Human-Computer Question Answering Competition at UMD
In Spring 2021, we will be organizing a series of competitions around the following human-computer trivia competitions:
Adversarial question answering (like our 2018 event)
Answering questions across cultures
Answering questions about under-represented groups
Human-computer collaboration (how well can a team of humans and computers answer questions)
Detecting wrong facts in statements
Throughout the spring, we'll have small events to culminate in a final event in May 2021. Watch this space for more details or register for our mailing list to be sure that you don't miss out.
If this isn't of interest to you, we're looking toward the future. We're looking for:
Quiz Bowl Tournaments: Who want to use computer support to create questions that are challenging for humans and computers or who are open to computer entrants. (We also think that this could be used to prevent and better understand cheating.)
Machine Learning Organizers: Who are looking for an in-person competition to complement, for example, a workshop on machine learning.
Computer Science Educators: Who want to take part in a machine learning curriculum built around question answering that can lead to an engaging in-person event.
Corporate Sponsors: Who would like to support our educational programs and competitions.
Video Editors: Jordan isn't the greatest video editor, and he could put out more videos if he has someone who could create compelling stories from raw footage.
If any of these apply to you, please contact firstname.lastname@example.org.
Contact us and stay informed
Please send your questions to email@example.com.
Explore other ways for getting involved.
Q: Why pyramidal questions? You're the only idiot in the machine learning / natural language processing community using these questions.
A: primary goal of a dataset/task in machine learning is to distinguish good systems from bad systems. Single clue datasets (such as TriviaQA or SQuAD) require many more questions to discriminate between top question answerers. While it's true that quiz bowl questions are longer, it is easier to write a good pyramidal question on a single topic than five good single clue questions on five different topics.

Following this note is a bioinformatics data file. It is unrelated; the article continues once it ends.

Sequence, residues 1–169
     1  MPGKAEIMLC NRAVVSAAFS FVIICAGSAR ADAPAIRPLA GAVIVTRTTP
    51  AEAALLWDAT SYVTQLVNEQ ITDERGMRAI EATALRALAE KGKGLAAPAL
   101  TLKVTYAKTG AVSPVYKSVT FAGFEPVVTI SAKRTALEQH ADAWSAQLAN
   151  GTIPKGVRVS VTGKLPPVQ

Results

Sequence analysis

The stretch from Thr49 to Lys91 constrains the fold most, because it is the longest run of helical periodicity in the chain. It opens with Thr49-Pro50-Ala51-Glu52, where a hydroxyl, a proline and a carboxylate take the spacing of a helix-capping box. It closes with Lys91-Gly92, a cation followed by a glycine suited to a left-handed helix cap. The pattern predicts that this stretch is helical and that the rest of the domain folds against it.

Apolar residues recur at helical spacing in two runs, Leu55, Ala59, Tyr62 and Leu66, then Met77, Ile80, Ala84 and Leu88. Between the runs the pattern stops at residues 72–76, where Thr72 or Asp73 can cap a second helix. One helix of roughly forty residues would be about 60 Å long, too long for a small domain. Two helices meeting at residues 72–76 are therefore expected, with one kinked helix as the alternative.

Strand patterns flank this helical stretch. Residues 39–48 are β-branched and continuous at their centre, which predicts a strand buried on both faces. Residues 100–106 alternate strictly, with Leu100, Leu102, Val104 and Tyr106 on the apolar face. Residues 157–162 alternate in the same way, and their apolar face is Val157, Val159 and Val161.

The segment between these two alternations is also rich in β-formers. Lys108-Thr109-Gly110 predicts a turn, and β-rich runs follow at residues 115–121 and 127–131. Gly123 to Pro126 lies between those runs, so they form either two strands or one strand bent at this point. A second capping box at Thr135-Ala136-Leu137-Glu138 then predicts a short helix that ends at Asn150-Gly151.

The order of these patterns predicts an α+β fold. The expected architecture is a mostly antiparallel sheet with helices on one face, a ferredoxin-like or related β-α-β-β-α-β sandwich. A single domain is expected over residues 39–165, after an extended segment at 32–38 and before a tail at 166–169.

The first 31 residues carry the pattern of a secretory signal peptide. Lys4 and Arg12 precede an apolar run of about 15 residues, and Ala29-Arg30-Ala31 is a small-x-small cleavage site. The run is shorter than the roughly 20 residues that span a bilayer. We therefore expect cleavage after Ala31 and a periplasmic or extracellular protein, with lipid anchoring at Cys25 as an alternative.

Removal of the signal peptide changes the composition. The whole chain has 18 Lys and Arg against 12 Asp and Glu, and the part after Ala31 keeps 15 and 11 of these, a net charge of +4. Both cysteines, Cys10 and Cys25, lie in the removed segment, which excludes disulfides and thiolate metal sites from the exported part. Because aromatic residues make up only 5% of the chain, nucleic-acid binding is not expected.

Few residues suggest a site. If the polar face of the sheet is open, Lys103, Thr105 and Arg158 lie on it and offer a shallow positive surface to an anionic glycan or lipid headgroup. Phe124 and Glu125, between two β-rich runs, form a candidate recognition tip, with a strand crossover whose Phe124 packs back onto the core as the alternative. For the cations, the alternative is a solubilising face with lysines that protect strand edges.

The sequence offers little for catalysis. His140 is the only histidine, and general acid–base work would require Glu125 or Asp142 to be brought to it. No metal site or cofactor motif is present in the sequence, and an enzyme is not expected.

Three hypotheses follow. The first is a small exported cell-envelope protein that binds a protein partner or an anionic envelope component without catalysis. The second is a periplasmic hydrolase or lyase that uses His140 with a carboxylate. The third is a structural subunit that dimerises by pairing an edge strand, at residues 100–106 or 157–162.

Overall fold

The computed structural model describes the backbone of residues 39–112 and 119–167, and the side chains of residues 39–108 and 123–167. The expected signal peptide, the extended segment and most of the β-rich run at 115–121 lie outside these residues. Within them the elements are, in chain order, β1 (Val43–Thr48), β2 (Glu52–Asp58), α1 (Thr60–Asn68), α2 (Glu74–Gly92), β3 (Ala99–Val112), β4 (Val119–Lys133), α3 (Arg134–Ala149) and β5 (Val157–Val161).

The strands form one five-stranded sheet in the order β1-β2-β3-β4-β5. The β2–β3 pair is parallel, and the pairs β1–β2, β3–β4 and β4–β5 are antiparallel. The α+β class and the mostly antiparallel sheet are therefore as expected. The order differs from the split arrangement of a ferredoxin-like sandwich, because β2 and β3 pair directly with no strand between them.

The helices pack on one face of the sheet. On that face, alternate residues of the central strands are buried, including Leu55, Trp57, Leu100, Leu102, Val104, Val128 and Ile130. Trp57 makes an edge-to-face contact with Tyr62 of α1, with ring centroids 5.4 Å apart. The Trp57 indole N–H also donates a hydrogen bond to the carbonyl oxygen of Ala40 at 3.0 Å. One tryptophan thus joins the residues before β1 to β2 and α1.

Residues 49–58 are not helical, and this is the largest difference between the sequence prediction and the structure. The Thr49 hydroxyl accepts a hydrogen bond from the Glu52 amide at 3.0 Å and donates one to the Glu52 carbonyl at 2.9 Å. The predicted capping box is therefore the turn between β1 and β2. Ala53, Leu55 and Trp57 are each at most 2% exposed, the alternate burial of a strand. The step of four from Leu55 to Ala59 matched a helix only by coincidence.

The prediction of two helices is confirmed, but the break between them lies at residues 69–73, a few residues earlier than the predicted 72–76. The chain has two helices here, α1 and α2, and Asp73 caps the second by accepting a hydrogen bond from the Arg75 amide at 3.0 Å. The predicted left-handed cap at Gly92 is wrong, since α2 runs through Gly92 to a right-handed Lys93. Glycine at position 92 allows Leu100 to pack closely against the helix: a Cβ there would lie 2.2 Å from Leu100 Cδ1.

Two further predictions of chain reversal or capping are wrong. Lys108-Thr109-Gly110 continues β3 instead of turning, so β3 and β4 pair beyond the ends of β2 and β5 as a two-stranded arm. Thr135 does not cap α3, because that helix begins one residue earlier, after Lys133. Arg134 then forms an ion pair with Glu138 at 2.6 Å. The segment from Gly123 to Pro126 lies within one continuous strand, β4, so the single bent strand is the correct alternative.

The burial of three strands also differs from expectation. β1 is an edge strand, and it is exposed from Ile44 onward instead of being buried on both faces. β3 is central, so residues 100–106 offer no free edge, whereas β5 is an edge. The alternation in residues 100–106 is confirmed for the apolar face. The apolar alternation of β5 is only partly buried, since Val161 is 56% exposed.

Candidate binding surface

Moreover, because quiz bowl is on a word-by-word basis, it offers far more opportunities to discriminate between question answerers. Because the questions are pyramidal, the answerer with the deeper knowledge can answer first.
Q: Why have computers and humans play against each other? Is this a gimmick?
A: Quiz Bowl is designed to be interactive. Humans play against each other in real time (for fun). While machine learning tasks need not be interactive with humans, interruptable questions allow easy comparison against human performance and enable opportunities to teach humans about machine learning, natural language processing, and question answering.
But hopefully it will be fun!
Q: Computers involved in a trivia tournament ... will the questions suck?
A: The goal of having computers in the loop is to improve the questions from both a scientific perspective and a quiz bowl perspective. Here's how computers can help you write better questions:
Avoid stock clues in the lead-in
Automatically find similar questions (to find other interesting clues or avoid repetition)
Avoid hoses (if the computer thinks the answer might be X, so might a human ... perhaps you can rephrase)
Automate tasks like pronunciation guides and alternate answer lines (don't know if this will make it in for this iteration, but it's on our todo list!)
Again, we hope that the resulting questions are high quality from a human perspective. We hope that we'll attract good question writers, and that a reasonable reader will recognize them as good questions. We're not going for gimmicks and quirks in terms of the questions.
Q: Should the computer be able to answer all of the questions by the end?
A: No, while your answers have to be in our answer set, if the system on write.qanta.org cannot answer the question, that's fine too! It probably means that you're doing something unique and interesting. If humans will like and convert the question, then you're doing everything exactly right.
Q: Is this harder than one-line, single sentence QA?
A: From Dwight Wynne:
The pyramidal question is not inherently an easy question. Like any other question, its difficulty is determined by both the answer and clues selected. However, a one-line question is never easier than a pyramidal question containing the same one line. A question will be answered by the union of the sets of [answerers] who recognize and buzz correctly from each clue contained in the question. Since the pyramidal question contains all clues already present in the one-line question, plus additional clues, it must follow that at least as many [answerers] can answer the pyramidal question as the one-line question.
Q: What if we're interested only in complete sentences? (Or our systems can only answer complete sentences ...)
A: It's possible to only look at individual sentences; i.e., only provide answers after you have a complete sentence. If you're only interested in single sentences, you can only answer after the first sentence (concrete questions must uniquely identify the answer immediately). If you can always answer the question after the first sentence, you'll likely do quite well at the overall task.
Thus, quiz bowl is a superset of single sentence QA. While some questions to require reasoning across sentences, the vast majority of the time it's possible to only answer based on individual, complete sentences in isolation (each sentence in a question getting easier).